Change MX record


We recently bought a company and are looking to move their mail gateway to our firewall (theirs lets loads of spam through).

Curently their MX record is

and we have

If I update their MX record to be identical to our will trip any spam flag etc...
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As I cannot judge your spam solution, the first thought is, it should work. As long as you configured everything in your path to accept that email (probably with TO:
Maybe test it first on a third site (your home connection), with telnet commands to, simulating emails to
After receiving seems to be no problem, adjust the mx records.
Daniel HelgenbergerCommented:
Please be careful with updating the MX.
Do test this on a weekend/holiday where not so many people are depend on their email!

I strongly recommend a well planed and timely executed mailsystem move from company1 to company2. This process is highly depended on the mail systems you use and the number of mailboxes to move. Exchange offers may ways to do this.
Changing the MX for a domain is the last step you take after everything is well tested.

That said and to answer the question:
you can change the MX of course. It will not trip any spam, since only the server which handles incoming mail changes. You would set the MX of to Be careful and check for possible SPF records and do not forget to change them as well!

But your needs to be able to handle
- you need to configure the relay domain in your mailsystem as well as all the mail boxes for compnay1 of course;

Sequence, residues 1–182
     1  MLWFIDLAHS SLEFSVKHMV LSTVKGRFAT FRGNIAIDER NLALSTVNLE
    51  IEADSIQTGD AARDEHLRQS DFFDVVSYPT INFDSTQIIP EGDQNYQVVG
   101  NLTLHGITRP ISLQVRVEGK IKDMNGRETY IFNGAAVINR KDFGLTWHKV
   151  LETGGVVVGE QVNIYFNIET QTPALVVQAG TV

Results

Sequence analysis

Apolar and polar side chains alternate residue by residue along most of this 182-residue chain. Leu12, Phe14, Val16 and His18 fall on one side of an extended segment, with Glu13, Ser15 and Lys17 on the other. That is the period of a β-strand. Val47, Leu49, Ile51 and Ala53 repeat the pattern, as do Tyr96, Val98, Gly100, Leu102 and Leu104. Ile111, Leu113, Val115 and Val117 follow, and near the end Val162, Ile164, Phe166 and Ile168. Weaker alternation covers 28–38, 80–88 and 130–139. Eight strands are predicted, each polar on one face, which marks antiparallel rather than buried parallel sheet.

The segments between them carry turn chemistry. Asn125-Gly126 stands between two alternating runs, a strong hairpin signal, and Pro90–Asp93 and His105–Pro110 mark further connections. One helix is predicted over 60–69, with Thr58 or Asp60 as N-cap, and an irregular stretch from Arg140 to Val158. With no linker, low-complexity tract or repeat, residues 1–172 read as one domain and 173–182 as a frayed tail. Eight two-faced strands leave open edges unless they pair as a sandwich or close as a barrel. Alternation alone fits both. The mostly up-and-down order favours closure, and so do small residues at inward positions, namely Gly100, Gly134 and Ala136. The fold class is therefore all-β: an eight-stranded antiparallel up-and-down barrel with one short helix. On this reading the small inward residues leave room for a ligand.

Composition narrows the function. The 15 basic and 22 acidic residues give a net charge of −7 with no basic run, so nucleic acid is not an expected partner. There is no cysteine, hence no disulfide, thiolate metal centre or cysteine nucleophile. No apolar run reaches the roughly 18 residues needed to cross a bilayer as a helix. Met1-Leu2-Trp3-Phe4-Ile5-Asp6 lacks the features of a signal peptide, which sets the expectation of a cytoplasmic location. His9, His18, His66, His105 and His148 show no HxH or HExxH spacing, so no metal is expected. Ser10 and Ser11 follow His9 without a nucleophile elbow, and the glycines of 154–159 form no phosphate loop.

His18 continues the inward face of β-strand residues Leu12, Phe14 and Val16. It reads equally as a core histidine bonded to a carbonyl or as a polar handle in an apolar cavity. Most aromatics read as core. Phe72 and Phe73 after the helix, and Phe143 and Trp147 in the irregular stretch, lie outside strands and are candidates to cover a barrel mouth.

- If you have a static internal connection to the in your, then you can also create a forwarder to your old mail server for this domain; this way you would not have to move mailboxes.

If you do a firewall based spam filtering the best way with the smalest impact would be to use a free pubic IP from your as new mail ip for and then use a NAT port forward on your firewall in comany2 to (through your site to site VPN, if your comanys are not in the same place).

I highly recommend a well planed timely executed mailsystem move from company1 to company2. This process is highly depended on the mail systems you use and the number of mailboxes to move. There, chaning the MX for a domain is the last in many steps.
SteveIT ManagerCommented:
Make sure that the recipient email server that the MX record is point to and indeed any firewall/security system is configured for the incoming traffic.

Changes to MX records are usually done over a weekend, just in case, with real-world updates taking 2-24 hours.

As soon as you change them mail will stop and start gradually flowing to the new IP range you configure..

Triple check config, planning and informing users of potential down time is key to a successful change.
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detox1978Author Commented:
Thanks for the feedback.

We are using IBM Notes, so I know the email server and mail gateway will accept the emails for both email domains.

I was unsure if there would be any issues sending mail if the domain name did not matching the MX record domain (i.e. will have an mx record of

We are looking to make the change on Tuesday.

The TTL is 60 minutes.  Does this mean once I make the change everyone will have the updated details within 60 minutes?
Daniel HelgenbergerCommented:
You can set any mail server to be a domain's MX. It is entirely dependent on this mail server if it can handle the incoming domain. To my knowledge this is common practice (huge mail providers do serve thousands of domains with two or thee MX).

As for the replication, you are right - it is entirely deplend on your TTL. Worldwide distribution may take a little longer but not much.
My practice is to lower the TTL prior to an update (the old record) and change it back to a higher value when I modify / update the record.

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detox1978Author Commented:
UPdated the MX record of company1 to company2 and everything worked with any hitches.

Many thanks.
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